Network News: Another Relic That’s Overstayed

And so only 21% of Americans trust television news shows, a glum television news industry admits. Or, to put the Czar’s way, 79% of Americans think television news is crap.

Can’t imagine why. Never mind any discussion about left-wing or right-wing bias; that has little to do with it, and in fact could be a salvation. More on that in a moment.

All right, watch the news sometime and maybe it will strike you, too, as obvious. The internet is killing television news for a variety of good reasons: the web gives you up-to-the-minute information on topics you care about. Want more information on the Roberts decision? Click here. Hey, how much will my taxes actually go up under Obama’s latest tax cut proposal? What’s all this about Mr. Higgs’ boatswain? You read only what you want, and only as much of it as you want. Google has this figured out to where it now eliminates anything from for us.

But television news consists largely of five things:

  1. Powerpoint news, in which bullet points summarize events reductio ad absurdum while looped file footage plays in the background.
  2. Analysis, in which two people of totally bipolar extremes interrupt each other while a moderator eventually reveals how little he or she understands about the topic.
  3. Breaking News! In which something that is barely a news event in the first place is studied second-by-second by ill-equipped experts until a sort of boredom creeps in, and the whole thing becomes self-satirical.
  4. A celebrity tie-in. Here is an interview with Justin Bieber. And look how Twilight fans are getting psyched! And why not tell us about your latest sitcom? Viewers eventually realize the overly charitable interview is, of course, a cleverly designed commercial.
  5. YouTube videos! Hah, hah! Here is the latest viral video you saw three times last week. It’s a cat sleeping on a vacuum! And a Facebook poll that shows 49% of Americans constitute a minority, and LinkedIn says you should avoid wedding fonts on your résumé.

See, it’s ultimately that last one that ticks us off. Television news knows the Internet is kicking its ass, so in an effort to look techy, hip, and trendy, they are pulling their news stories straight off the web.

Like the collapse of newspapers before it, television news is an antequated idea that has overstayed its welcome. Okay, sure—the world can still get by with airport CNN, or FoxNews in the waiting room. In fact, why not just drop the entire façade of balance and go all partisan? It works for AM radio! Conservatives listen a variety of highly profitable right-wing stations, while liberals seek up and down the dial for whatever station doesn’t change formats next month. And it’s okay. Let Fox pander to the right, MSNBC pander to the left, and CNN can either make up its mind or go out of business. Whatever. Meanwhile, CBS, ABC, and NBC can go away; and they can take their inane news/talk morning shows with them. They serve little or no responsible function in this day and age.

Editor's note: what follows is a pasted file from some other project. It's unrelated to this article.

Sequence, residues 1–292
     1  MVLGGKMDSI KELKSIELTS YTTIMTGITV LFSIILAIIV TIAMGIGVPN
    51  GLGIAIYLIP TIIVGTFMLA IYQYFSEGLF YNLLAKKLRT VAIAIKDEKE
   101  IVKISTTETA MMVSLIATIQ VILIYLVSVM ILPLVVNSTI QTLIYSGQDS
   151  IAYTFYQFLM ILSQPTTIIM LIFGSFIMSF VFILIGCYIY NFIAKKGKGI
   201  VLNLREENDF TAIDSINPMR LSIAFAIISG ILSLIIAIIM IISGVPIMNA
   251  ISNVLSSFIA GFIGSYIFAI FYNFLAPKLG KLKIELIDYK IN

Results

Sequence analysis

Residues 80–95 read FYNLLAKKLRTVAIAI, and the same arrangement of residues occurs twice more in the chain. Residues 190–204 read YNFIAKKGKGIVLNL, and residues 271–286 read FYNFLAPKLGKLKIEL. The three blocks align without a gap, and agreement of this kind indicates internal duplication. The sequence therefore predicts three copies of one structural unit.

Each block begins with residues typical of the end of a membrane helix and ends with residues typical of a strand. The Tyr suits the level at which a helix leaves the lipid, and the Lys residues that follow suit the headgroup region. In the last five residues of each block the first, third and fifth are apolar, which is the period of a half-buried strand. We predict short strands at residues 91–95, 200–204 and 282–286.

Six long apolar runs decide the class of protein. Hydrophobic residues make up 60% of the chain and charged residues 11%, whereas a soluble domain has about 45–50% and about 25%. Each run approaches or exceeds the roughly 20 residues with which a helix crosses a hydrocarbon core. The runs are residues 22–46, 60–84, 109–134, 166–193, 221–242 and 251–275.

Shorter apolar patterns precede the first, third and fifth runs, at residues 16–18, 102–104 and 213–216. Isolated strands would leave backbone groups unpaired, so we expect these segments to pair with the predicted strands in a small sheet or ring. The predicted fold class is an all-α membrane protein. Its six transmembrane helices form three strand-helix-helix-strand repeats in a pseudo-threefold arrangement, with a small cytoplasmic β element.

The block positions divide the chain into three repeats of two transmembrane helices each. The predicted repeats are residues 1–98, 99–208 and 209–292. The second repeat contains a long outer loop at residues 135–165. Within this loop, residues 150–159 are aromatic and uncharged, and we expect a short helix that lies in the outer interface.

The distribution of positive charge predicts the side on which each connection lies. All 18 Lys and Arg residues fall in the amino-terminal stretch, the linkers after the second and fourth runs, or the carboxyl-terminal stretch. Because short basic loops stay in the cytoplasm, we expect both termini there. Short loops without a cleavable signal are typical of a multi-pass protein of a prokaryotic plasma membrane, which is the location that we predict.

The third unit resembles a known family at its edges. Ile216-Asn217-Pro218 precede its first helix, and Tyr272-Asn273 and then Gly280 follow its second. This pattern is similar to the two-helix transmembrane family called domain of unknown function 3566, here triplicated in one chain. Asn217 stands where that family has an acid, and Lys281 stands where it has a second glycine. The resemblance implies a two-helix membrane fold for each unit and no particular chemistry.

This doesn’t mean that ABCNews, for example, needs to go away—heck, give Jake Tapper his own blog. Wait, they almost did. But do we need that 6:30 PM news half-hour each weekday?

In case rhetorical questions aren’t your thing, the answer to that is no. By that time, Americans already are reading the retractions and corrections on the web.

About The Czar of Muscovy

Божію Поспѣшествующею Милостію Мы, Дима Грозный Императоръ и Самодержецъ Всероссiйскiй, цѣсарь Московскiй. The Czar was born in the steppes of Russia in 1267, and was cheated out of total control of all Russia by upon the death of Boris Mikhailovich, who replaced Alexander Yaroslav Nevsky in 1263. However, in 1283, our Czar was passed over due to a clerical error and the rule of all Russia went to his second cousin Daniil (Даниил Александрович), whom Czar still resents. As a half-hearted apology, the Czar was awarded control over Muscovy, inconveniently located 5,000 miles away just outside Chicago. He now spends his time seething about this and writing about other stuff that bothers him.